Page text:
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[ser-mount] /sərˈmaʊnt/
verb (used with object)
to mount upon; get on the top of; mount upon and cross over:
to surmount a hill.
to get over or across (barriers, obstacles, etc.).
to prevail over:
to surmount tremendous difficulties.
to be on top of or above:
a statue surmounting a pillar.
to furnish with something placed on top or above:
to surmount a tower with a spire.
  1. to surpass in excellence.
  2. to exceed in amount.
Origin of surmount
1325-75; Middle English surmounten < Anglo-French surmounter, Middle French. See sur-1, mount1
Related forms
surmountable, adjective
surmountableness, noun
surmounter, noun
unsurmountable, adjective
unsurmounted, adjective Unabridged
Based on the Random House Dictionary, © Random House, Inc. 2018.
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Examples from the Web for unsurmountable
Historical Examples
  • Others than he would at once be confronted with an unsurmountable difficulty.

  • The difficulty of broaching the subject to his equerry struck him as unsurmountable.


    Louis Couperus
  • He had not been at Frankfort a year before he had learnt to look on this hostility of Austria as unsurmountable.

  • It must have been even an unsurmountable Barrier to the Kofirans, in case they reduced the City.

    The Amours of Zeokinizul, King of the Kofirans

    Claude Prosper Jolyot de Crbillon
  • The presence of a British factor would be an unsurmountable bar to that consummation, hence the necessity of its total removal.

  • But in many cases this cure cannot be applied, owing to the unsurmountable obstacles.

    Woman and Socialism August Bebel
  • Now that safeguard, previously unsurmountable, vanished by reason of the girls presence.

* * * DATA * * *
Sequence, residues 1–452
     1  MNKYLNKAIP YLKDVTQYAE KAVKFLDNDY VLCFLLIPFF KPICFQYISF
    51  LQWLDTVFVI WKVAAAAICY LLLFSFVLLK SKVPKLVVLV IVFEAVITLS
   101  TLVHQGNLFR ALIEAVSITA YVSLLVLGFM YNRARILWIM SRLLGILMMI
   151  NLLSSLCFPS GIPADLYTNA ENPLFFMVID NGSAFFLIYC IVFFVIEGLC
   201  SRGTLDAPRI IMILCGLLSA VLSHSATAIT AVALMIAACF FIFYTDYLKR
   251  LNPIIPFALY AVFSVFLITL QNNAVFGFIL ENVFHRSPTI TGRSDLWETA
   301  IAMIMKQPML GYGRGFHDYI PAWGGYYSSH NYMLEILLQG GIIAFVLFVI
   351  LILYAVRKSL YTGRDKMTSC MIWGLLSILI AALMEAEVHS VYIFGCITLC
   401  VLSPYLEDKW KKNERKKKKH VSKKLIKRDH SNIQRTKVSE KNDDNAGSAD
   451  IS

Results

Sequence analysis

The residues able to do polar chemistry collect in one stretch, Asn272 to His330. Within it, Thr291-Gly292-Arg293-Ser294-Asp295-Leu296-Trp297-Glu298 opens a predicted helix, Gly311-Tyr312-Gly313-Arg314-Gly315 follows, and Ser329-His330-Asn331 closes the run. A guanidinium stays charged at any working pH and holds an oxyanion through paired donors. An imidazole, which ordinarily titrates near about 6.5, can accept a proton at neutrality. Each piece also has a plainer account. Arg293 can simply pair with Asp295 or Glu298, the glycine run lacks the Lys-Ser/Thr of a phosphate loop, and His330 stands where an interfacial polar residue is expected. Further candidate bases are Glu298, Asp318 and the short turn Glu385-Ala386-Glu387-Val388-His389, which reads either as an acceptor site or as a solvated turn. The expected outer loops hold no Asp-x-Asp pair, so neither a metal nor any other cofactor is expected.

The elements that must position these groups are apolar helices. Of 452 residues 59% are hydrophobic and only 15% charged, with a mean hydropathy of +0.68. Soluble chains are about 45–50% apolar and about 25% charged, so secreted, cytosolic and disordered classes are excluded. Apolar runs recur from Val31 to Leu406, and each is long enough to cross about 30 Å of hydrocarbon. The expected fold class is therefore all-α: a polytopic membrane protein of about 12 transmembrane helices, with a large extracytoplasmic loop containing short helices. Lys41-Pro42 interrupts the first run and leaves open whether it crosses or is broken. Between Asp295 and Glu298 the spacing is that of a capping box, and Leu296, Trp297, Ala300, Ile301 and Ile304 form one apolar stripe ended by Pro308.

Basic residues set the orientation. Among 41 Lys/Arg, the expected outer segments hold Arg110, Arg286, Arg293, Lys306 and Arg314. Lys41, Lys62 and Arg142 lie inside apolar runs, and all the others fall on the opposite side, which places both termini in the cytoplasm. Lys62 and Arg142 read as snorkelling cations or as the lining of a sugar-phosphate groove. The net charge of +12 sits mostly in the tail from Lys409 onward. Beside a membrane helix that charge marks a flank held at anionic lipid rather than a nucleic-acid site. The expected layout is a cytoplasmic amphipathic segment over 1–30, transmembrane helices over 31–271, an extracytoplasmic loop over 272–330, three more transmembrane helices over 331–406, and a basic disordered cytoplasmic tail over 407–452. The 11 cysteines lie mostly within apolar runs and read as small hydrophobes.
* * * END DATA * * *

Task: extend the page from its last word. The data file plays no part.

The Message Louis Tracy
  • To-morrow they might be out of our reach, and I should be confronted with difficulties that might be unsurmountable.

    The Betrayal of John Fordham B.L. (Benjamin Leopold) Farjeon
  • The mere fact that she, and she alone, was responsible for his flight placed between them an unsurmountable barrier.

    Graustark George Barr McCutcheon
  • The management of the canoe alone appears a work of unsurmountable difficulty, its breadth is so inadequate to its length.

British Dictionary definitions for unsurmountable


(of a problem, etc) not capable of being solved or overcome


verb (transitive)
to prevail over; overcome: to surmount tremendous difficulties
to ascend and cross to the opposite side of
to lie on top of or rise above
to put something on top of or above
(obsolete) to surpass or exceed
Derived Forms
surmountable, adjective
surmountableness, noun
surmounter, noun
Word Origin
C14: from Old French surmonter, from sur-1 + monter to mount1
Collins English Dictionary - Complete & Unabridged 2012 Digital Edition
© William Collins Sons & Co. Ltd. 1979, 1986 © HarperCollins
Publishers 1998, 2000, 2003, 2005, 2006, 2007, 2009, 2012
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Word Origin and History for unsurmountable

1701, from un- (1) "not" + surmountable (see surmount).



late 14c., "to rise above, go beyond," from Old French surmounter "rise above," from sur- "beyond" (see sur-) + monter "to go up" (see mount (v.)). Meaning "to prevail over, overcome" is recorded from late 14c. Related: Surmounted; surmounting.

Online Etymology Dictionary, © 2010 Douglas Harper
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